The U.K. has been preoccupied by its own political uncertainty since its anti-EU referendum last month. The leadership of all of its major political parties have come into question since the Brexit vote, and a new prime minister, Conservative Theresa May, is taking office Wednesday. Officials still have to decide when and how Britain will break from the European political and economic bloc.
British people generally followed the U.S. election more closely before the Brexit vote approached, said Angelia Wilson, a professor of politics at the University of Manchester. The length of the U.S. election cycle — Clinton launched her campaign in April 2015, and Trump started his bid in June 2015 — and huge spending by campaigns and outside groups leaves people in the U.K. "blown away," she added.
As the November election nears, Britain may start to pay closer attention. When it does, it may start to be "frightened" by Trump rather than seeing him as a "court jester," Wilson said.
Even after the Brexit vote, the U.K. population generally sees Clinton as a more stable choice to lead one of its closest allies. That also applies to elected officials, said Michael Cullinane, a professor of U.S. history at Northumbria University.
"The political class in Britain see Hillary Clinton as a safer set of hands than they would see Donald Trump," he said, though he added that pockets of the U.K. political establishment may not support Clinton, either.
Trump's rhetoric and unpredictability have rubbed some British elected officials the wrong way. His proposal last year to temporarily bar Muslims from the United States drew a rebuke from Sadiq Khan, London's recently elected Muslim mayor.
"I want Donald Trump to come to London so I can introduce myself to him as a mainstream Muslim, very, very comfortable with Western liberal values, but also introduce him to hundreds of thousands, dare I say millions of Muslims in this country, who love being British, love being Western," Khan told NBC News in May.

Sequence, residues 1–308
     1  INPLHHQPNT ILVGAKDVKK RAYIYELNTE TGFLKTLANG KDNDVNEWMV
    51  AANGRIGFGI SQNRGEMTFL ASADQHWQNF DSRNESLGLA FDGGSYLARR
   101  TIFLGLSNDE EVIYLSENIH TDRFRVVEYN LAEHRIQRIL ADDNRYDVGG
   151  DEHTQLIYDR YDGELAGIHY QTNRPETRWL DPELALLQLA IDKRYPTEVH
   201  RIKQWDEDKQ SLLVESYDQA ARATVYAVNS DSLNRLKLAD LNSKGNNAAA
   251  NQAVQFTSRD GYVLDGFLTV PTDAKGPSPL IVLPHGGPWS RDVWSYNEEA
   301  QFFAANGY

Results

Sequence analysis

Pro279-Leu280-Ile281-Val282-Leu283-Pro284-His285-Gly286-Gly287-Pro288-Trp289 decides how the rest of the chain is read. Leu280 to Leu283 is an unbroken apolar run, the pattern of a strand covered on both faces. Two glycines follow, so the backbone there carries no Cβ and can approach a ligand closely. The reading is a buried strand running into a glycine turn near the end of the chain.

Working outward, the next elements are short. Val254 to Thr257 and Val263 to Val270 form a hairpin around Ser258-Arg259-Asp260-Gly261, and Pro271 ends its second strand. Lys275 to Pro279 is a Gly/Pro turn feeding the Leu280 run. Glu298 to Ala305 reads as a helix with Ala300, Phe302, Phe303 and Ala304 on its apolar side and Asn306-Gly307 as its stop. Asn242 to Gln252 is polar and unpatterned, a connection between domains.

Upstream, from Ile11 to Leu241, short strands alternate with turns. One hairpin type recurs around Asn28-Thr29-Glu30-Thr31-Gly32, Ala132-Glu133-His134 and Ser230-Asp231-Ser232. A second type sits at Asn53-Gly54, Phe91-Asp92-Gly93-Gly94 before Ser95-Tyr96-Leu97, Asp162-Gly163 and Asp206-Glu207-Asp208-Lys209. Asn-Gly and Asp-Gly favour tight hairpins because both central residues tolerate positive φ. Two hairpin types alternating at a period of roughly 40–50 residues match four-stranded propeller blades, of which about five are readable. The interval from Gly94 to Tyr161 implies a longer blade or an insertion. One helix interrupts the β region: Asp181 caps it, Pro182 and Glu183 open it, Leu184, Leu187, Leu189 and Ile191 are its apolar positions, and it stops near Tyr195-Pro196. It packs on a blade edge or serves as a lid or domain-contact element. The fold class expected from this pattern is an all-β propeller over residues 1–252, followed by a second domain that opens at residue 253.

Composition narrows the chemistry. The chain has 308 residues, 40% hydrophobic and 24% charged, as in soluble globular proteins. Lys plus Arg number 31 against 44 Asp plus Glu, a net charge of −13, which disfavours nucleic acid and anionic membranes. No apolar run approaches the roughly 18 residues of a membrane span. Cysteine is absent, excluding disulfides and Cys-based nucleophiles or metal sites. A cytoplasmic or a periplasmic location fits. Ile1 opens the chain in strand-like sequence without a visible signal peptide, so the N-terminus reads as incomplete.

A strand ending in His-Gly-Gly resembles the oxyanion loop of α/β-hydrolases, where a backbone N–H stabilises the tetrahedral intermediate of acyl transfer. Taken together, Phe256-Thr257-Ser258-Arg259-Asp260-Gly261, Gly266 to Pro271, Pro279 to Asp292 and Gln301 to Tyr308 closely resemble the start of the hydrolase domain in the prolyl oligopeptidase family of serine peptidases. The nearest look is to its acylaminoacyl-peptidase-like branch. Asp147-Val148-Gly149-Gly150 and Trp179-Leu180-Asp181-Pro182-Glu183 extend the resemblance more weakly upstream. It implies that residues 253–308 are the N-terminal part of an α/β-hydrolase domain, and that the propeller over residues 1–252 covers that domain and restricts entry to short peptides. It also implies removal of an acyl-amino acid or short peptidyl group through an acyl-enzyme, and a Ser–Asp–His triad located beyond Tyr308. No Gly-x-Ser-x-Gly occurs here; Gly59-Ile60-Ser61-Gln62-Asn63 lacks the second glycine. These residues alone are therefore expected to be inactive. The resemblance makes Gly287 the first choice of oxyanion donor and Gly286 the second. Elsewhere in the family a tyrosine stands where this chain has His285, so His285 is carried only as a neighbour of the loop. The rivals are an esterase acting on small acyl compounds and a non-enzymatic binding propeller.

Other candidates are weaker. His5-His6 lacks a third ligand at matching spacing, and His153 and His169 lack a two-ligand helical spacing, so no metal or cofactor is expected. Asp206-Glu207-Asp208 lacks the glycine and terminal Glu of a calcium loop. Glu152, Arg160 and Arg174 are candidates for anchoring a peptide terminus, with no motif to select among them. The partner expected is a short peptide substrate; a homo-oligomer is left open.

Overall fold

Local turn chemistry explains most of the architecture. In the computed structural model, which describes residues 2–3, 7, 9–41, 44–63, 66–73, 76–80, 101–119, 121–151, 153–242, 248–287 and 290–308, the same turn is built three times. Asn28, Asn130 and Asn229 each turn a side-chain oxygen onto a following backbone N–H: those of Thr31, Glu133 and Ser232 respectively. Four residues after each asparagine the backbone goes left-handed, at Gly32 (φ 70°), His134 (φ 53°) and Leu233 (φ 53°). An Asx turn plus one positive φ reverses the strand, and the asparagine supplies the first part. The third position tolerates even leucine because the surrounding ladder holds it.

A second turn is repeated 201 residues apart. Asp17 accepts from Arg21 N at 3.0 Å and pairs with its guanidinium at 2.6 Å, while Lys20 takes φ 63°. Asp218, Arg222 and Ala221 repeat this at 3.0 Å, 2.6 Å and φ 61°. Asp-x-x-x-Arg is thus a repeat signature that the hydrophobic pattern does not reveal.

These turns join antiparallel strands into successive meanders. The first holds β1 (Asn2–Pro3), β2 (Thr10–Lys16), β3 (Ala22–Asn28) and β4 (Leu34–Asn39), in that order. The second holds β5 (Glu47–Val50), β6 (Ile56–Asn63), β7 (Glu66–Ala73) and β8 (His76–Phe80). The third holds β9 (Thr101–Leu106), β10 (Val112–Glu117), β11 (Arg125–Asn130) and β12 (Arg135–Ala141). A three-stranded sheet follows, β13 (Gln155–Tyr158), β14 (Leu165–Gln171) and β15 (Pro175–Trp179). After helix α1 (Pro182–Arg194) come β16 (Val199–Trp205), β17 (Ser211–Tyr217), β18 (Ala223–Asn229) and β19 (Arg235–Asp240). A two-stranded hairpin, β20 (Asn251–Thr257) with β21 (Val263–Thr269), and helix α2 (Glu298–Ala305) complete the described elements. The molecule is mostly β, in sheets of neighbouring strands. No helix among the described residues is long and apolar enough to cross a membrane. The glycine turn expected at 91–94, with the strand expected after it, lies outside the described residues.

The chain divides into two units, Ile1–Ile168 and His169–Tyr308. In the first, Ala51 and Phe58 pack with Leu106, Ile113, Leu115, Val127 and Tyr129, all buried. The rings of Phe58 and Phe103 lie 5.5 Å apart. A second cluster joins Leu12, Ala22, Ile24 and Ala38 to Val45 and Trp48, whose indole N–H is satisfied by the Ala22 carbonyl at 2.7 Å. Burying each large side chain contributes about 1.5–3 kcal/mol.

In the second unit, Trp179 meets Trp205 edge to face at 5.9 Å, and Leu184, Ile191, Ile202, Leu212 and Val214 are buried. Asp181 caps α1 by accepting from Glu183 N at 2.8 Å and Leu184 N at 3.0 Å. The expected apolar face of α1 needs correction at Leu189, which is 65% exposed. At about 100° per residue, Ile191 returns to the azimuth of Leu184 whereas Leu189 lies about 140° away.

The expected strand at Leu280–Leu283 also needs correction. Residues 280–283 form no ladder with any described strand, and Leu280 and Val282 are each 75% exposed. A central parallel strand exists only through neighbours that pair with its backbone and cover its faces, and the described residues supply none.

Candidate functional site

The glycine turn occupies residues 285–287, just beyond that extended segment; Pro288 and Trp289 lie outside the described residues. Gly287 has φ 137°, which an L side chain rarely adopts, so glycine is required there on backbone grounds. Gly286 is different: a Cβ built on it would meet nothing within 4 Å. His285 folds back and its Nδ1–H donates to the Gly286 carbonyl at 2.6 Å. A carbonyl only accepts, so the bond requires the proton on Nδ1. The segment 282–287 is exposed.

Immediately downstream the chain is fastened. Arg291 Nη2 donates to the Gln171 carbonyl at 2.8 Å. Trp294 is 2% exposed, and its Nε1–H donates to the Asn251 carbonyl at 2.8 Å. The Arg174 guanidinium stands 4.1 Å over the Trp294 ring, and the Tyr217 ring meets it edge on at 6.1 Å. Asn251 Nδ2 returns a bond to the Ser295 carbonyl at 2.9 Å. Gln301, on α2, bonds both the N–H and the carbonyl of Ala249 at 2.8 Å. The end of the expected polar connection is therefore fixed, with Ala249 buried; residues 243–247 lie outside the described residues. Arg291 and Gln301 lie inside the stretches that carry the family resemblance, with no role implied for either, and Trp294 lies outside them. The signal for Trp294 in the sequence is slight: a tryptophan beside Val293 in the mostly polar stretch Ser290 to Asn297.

Boris Johnson, the former London mayor and a leading Brexit supporter, also distanced himself from Trump over his proposed Muslim ban. He told CNBC he was "very, very disappointed" to hear Trump's comments.
"I thought that was an extraordinary thing for a candidate for the office of president of the United States to say. Basically because America as I understand it is a country built on the ideal of welcoming people irrespective of their race, religion, color or creed or whatever. And I think that's a fine thing about America," Johnson said.
Trump seemed tone-deaf in cheering the Brexit vote in Scotland last month at his luxury golf course, experts added. Trump praised British voters for "(taking) back their country," though Scotland firmly voted to remain in the EU. Trump faced protests when he touched down in the country.
Experts outlined multiple factors that could lend Clinton authority within Britain. Among them, they said her husband and former President Bill Clinton is still perceived well there.
However, the University of Birmingham's Lucas added that because Bill Clinton is well liked, the British people may find Hillary Clinton "cold" in comparison.
Cullinane of Northumbria University noted that British citizens — including Conservatives — widely support the U.K.'s taxpayer-funded National Health Service. Clinton has pledged to sustain President Barack Obama's Affordable Care Act, which could lend her some weight within the U.K.